The Business Side: Marketing in the 21st Century
My goal is always to bring the reader information that is helpful in the business side of being a professional surveyor. We are going to address an old topic that is changing with new technology but is most affected by changes in society. That subject is marketing, the backbone of growing and maintaining any professional company.
This will be a two part series, with the first part reviewing basic marketing principles and determining what old marketing strategies still apply and what needs to be discarded. The next column will focus on marketing with the modern technology such as the Internet and social media.
There are many new people in our business segment that need to have a better understanding of basic business principles and marketing as part of their business strategy.
Why do I need to market? Some things to consider.
Markets May Change
If you were heavily invested in the oil or gas work, you have seen a slowdown in work. Changes in federal or state laws may affect your markets. In most real estate closings, a survey is not required. A new company in your area may have come in with strong marketing and is taking away market share.
Opportunity for Key People
If you want to stay small, your recently licensed employees will need to leave your company to find work, most likely as a competitor. Who is going to be your successor if not your own employees? You need to attract good talent.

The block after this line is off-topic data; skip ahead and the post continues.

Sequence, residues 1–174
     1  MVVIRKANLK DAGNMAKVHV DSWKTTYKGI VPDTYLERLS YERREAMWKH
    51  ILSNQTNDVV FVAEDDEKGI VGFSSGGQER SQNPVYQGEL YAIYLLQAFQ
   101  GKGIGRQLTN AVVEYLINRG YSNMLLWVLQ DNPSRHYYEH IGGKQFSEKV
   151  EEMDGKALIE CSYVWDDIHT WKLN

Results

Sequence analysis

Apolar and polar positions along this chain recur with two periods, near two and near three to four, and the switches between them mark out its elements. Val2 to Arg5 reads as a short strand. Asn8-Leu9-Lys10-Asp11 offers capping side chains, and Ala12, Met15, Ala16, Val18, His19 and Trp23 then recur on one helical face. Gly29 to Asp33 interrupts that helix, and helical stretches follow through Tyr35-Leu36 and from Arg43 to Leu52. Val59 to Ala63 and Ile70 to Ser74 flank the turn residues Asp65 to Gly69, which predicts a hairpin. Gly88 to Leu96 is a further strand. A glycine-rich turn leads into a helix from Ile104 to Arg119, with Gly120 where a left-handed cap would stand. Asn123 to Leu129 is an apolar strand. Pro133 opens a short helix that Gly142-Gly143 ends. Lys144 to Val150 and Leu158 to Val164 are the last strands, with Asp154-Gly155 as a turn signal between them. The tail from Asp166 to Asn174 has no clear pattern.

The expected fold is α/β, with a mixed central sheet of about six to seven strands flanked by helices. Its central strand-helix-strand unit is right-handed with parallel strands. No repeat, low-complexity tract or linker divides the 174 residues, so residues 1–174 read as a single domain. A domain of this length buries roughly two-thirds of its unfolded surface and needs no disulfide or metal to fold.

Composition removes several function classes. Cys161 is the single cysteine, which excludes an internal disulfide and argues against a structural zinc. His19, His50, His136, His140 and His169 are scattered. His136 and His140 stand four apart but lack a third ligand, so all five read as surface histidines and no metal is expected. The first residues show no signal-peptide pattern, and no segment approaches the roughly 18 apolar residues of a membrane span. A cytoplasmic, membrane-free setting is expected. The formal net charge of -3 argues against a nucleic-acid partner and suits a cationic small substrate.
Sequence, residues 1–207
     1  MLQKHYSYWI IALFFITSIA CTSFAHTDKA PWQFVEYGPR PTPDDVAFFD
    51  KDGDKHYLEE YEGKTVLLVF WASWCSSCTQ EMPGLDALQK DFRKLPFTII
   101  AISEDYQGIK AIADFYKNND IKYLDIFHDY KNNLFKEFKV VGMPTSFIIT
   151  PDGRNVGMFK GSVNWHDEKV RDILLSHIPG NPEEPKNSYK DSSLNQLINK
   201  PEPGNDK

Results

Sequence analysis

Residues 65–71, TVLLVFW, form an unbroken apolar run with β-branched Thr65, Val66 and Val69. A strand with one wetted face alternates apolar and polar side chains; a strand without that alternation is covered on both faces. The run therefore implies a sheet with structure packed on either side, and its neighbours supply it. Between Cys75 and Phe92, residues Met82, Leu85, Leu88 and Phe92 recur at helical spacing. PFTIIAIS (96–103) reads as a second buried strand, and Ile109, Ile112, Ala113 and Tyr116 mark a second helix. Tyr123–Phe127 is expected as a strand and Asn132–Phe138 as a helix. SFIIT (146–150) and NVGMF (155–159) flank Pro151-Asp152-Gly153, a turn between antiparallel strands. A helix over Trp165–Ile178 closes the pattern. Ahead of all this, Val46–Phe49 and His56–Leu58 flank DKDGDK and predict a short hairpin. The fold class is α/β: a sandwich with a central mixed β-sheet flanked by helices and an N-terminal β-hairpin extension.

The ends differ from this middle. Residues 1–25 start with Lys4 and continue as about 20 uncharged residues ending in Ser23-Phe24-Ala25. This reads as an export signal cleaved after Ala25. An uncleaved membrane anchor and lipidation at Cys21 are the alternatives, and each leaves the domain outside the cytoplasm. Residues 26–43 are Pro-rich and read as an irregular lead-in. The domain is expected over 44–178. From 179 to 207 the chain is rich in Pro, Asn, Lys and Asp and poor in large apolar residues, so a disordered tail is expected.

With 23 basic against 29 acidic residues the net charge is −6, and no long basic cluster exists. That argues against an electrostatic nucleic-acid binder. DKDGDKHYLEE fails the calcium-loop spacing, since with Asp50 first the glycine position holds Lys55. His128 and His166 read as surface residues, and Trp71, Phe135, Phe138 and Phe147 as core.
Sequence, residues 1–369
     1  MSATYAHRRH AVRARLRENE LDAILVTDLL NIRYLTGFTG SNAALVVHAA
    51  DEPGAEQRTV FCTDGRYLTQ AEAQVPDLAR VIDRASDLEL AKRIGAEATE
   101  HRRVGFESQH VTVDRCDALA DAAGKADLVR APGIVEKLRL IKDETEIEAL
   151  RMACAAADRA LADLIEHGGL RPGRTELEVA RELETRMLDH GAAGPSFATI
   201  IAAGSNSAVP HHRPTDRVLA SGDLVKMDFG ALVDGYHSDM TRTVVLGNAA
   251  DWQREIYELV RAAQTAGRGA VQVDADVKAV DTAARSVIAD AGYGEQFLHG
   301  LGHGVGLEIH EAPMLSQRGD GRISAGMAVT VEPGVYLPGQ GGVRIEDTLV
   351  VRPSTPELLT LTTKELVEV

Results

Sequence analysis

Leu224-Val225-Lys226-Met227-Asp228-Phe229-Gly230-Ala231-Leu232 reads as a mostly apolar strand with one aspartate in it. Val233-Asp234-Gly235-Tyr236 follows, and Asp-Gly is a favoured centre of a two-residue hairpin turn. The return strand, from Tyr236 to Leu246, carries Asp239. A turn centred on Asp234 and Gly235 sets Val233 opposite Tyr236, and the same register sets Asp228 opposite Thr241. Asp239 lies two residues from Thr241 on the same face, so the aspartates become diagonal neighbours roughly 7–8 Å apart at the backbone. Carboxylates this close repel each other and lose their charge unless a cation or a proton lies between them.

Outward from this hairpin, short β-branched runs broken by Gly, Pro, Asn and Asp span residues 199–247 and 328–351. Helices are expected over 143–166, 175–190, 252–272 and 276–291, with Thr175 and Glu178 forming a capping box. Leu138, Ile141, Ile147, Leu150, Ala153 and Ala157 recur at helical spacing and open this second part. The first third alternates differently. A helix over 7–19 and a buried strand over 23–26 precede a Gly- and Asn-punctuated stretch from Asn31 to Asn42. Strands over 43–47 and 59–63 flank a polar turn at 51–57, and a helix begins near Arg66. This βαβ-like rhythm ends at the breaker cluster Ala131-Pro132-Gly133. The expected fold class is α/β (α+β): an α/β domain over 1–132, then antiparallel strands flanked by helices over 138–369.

Afford Basic Services
You are always faced with increased costs of doing business. The most common increase is wages. Most employees want some increase each year if for no other reason than to keep up with inflation. Insurance cost is an item almost always increasing. As we all know, medical insurance cost almost has a life of its own. To keep quality employees, you need to provide medical insurance or help toward medical insurance.
As most people in business know, technology is a major part of our business. Keeping up with new technology is not a choice but a requirement. If you skip upgrades of software, when you do upgrade they will require you to pay for the skipped versions. You need to keep business coming in so you can afford these things.
Growth by expanding into new fields, expanding into a larger geographic area, improving your technical capabilities and opening new offices in good market areas are but a few ways to grow. This provides opportunity for key personnel and existing employees.
Factors Needed for Company Growth
The first part of growth is to have a company plan containing one- and five-year goals. You need to establish a marketing budget. Marketing should be a legitimate activity. The way you accomplish this is to have a job number for marketing that authorized employees can charge time against. Many companies just bury marketing costs in job accounting numbers that skew job profitability. A committee established to keep marketing activities on track is always a good idea.
Never offer services you can’t provide within budget and meeting the client’s timeframe. Use historical documentation to establish yearly goals. Be reasonable, ten or 15 percent per year growth is reasonable and obtainable. Always strive to have a return client to new client ratio that meets your marketing plan goal.
Sustained Marketing Effort